Achillion drug top of the class?

Achillion’s experimental Hepatitis C drug, ACH-3102, when used alongside Gilead’s sofosbuvir eradicated the Hep C virus in 6 weeks, making it the shortest duration and highest response achieved by any two drug treatment, according to the results of a recent study.


Sofosbuvir plus ribavirin for treatment of Hepatitis C in HIV co-infected patients

study published in the Lancet has sought to demonstrate the efficacy and safety of all oral sofosbuvir plus ribavirin treatment for HCV/HIV co-infected patients.  SVR rates after 12 weeks ranged from a low of 84% for genotype 4 up to a high of 95% for those with genotype 1. SVR rates remained high regardless of treatment experience or naivety.


Review of optimal interferon free therapy in treatment naive patients with HCV genotype 1

This review published in Liver International summarizes the results obtained with oral direct acting antiviral combinations for Hepatitis C genotype 1 treatment naive patients that have either been approved or completed phase 3 clinical trials.


Changes in Swedish OST policy reduced deaths and hospital admissions

Research published in Drug and Alcohol Findings has provided evidence for an association between increased access to opiate substitution therapies and a decrease in drug related deaths and hospital admissions. Between 2000-2002 and 2004-2006 net drug related deaths across Sweden fell by about 12%.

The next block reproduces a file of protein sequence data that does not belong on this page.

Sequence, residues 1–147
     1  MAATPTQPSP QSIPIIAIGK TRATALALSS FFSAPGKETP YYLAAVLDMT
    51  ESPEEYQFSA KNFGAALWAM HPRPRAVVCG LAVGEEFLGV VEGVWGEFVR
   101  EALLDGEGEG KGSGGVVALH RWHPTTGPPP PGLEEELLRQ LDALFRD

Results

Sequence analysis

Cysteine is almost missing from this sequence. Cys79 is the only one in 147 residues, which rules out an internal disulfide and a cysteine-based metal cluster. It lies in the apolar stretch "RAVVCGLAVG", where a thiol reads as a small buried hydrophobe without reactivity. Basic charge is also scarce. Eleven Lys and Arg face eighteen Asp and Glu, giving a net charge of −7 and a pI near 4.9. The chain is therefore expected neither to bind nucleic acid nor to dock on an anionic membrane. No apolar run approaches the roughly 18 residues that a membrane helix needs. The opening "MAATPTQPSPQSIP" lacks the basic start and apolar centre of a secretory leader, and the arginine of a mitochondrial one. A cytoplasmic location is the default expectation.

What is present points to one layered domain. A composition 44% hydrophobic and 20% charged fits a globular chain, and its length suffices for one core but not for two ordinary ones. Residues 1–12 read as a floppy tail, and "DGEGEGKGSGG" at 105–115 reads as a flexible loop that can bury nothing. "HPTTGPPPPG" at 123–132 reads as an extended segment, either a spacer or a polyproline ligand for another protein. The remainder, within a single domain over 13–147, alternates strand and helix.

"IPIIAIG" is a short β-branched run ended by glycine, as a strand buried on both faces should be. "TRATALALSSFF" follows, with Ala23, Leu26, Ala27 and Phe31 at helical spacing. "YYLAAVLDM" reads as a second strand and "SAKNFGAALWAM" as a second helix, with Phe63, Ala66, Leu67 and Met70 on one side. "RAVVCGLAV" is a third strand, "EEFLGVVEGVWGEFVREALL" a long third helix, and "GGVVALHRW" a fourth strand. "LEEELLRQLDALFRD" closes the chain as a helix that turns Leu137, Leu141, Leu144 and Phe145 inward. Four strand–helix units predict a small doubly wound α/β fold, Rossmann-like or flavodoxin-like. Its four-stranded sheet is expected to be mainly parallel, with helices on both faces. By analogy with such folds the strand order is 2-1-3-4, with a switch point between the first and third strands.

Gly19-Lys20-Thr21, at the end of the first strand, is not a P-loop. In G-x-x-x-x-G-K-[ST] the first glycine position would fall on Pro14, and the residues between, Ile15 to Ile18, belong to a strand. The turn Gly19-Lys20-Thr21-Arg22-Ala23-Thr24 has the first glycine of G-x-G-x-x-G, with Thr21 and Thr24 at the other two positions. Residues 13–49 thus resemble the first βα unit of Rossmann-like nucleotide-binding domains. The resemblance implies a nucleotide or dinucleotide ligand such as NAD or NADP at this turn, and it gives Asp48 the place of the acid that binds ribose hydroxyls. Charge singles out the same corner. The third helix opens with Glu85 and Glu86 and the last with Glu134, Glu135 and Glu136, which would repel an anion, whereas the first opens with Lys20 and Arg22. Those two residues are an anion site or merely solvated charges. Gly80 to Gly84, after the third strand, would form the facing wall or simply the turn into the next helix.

Vitamin D levels predict depression

New research has shown low serum levels of vitamin D are associated with clinically significant symptoms of depression in otherwise healthy individuals.


HCV triple therapy risk for diabetes?

research article published in Diabetic Medicine has documented the case of a 23 year old woman who developed type 1 diabetes after being initiated onto triple therapy (Peg Interferon, ribavirin + a protease inhibitor) for her Hepatitis C infection. The woman had an IL28B gene polymorphism which was associated with both antiviral therapy response but also with diabetes risk post liver transplant. The article concludes that more research is required to determine which characteristics may identify patients who are at risk of developing type 1 diabetes when treated with interferon based regimens for Hep C.


HCV infection and post liver transplant diabetes

Research published in Alimentary Pharmacology and Therapeutics sought to clarify the association between Hepatitis C infection and an increased risk of post liver transplant diabetes. Using data from 17,000 HCV infected transplant patients it concluded that Hepatitis C infection was a greater risk for post liver transplant diabetes for up to 5 years after transplant.


Integrated care boosts outcomes for HCV patients with psychiatric illness/substance abuse